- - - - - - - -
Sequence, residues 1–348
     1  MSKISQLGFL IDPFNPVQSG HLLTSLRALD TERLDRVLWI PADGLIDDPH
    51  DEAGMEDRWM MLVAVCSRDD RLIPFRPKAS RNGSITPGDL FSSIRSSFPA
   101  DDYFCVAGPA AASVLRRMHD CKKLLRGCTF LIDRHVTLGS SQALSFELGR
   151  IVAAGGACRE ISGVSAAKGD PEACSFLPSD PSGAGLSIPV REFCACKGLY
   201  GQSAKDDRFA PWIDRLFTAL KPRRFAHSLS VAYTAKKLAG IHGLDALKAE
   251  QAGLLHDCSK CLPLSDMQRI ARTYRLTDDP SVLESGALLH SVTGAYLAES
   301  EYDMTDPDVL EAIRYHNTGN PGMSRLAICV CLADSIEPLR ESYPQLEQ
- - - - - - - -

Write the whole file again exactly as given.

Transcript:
Sequence, residues 1–348
     1  MSKISQLGFL IDPFNPVQSG HLLTSLRALD TERLDRVLWI PADGLIDDPH
    51  DEAGMEDRWM MLVAVCSRDD RLIPFRPKAS RNGSITPGDL FSSIRSSFPA
   101  DDYFCVAGPA AASVLRRMHD CKKLLRGCTF LIDRHVTLGS SQALSFELGR
   151  IVAAGGACRE ISGVSAAKGD PEACSFLPSD PSGAGLSIPV REFCACKGLY
   201  GQSAKDDRFA PWIDRLFTAL KPRRFAHSLS VAYTAKKLAG IHGLDALKAE
   251  QAGLLHDCSK CLPLSDMQRI ARTYRLTDDP SVLESGALLH SVTGAYLAES
   301  EYDMTDPDVL EAIRYHNTGN PGMSRLAICV CLADSIEPLR ESYPQLEQ